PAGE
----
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No-play jig for flutes

Fluting jig
no. 28636, $70
Rockler Woodworking & Hardware


This jig makes routing perfectly straight and evenly spaced flutes a breeze. (Okay, you have to do a little math to determine the spacing.) After mounting your router—it’s predrilled for common midsize models—lay out the flutes on the workpiece and on the jig’s erasable  template, and then rout to the desired depth. From there, it’s a simple step-and-repeat process for each flute. Because the jig traps the workpiece between its two rails, you can’t help but rout straight, parallel grooves in boards up to 912 " wide, for flutes spaced over 8" of that width.

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Plunge with perfect placement 

On Point laser-guided offset base
no. 9098, $59.95
MLCS Router Bits & Woodworking Products
800-533-9298, mlcswoodworking.com


Besides the benefits of an offset base, On Point’s crosshair lasers pinpoint the bit center for plunge-routing jobs that require precise placement, such as creating workbench dogholes or marble recesses in a Chinese-checker board. Or, switch on the LED lights for amazing bit visibility. (Two AA batteries are included.) Attach its dual-bearing guide to rout around a workpiece’s perimeter or make flutes parallel to the edge. The base comes predrilled to fit some common plunge routers.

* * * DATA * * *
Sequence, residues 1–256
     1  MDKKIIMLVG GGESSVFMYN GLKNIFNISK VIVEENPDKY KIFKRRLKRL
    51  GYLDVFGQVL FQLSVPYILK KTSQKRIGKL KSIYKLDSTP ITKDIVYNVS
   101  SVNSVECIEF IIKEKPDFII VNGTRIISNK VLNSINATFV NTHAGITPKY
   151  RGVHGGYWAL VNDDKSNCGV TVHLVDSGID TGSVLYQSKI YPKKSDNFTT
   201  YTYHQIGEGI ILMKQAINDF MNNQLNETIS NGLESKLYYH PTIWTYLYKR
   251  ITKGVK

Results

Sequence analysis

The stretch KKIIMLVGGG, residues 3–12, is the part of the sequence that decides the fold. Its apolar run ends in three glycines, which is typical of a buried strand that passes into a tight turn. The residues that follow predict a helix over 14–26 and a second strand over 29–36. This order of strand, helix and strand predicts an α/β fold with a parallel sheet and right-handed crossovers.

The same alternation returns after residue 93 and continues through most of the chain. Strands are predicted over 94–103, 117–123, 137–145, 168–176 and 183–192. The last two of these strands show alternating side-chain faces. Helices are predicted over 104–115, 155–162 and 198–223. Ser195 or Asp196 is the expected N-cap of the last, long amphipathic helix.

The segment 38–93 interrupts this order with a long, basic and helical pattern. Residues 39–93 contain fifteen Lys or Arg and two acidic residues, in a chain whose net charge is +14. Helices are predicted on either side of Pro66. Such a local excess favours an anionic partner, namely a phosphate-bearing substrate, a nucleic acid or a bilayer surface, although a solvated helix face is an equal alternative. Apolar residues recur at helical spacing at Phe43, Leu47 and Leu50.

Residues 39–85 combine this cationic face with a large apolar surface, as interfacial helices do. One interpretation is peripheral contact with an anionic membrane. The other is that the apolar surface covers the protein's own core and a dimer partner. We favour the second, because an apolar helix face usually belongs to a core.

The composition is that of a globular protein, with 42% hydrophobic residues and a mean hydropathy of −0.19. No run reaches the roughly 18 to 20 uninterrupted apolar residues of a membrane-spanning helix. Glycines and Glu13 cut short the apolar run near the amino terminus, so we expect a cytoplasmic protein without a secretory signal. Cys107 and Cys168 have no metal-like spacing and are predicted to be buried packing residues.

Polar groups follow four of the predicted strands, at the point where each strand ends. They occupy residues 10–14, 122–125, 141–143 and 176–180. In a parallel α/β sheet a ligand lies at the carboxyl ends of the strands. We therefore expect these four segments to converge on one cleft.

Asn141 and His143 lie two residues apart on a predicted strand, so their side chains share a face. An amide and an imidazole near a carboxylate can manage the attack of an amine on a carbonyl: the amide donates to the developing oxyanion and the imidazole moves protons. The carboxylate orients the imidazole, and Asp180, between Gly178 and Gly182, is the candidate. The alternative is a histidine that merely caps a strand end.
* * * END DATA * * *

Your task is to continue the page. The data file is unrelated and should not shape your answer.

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Make bit changes easier and faster

Quick-release router collet
Available in four versions, $48–$60; 14 " collet reducer, $13.
Eliminator Chuck
703-644-4188, eliminatorchuck.com


If you’re tired of battling with your router’s collet, wrenches, or spindle lock, then switch to an Eliminator Chuck. With this collet replacement, you insert the bit, and then tighten a socket screw with a hex wrench to engage a camlike mechanism that snugs the bit in place. It holds well without slipping, releases bits just as easily, adds 34 " to the spindle length, and runs smoothly without vibration.

TOPS FOR TABLE ROUTING

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Set bit heights with precision

Bit setup bars
no. PRS3400, $45
Kreg Tool
800-447-8638, kregtool.com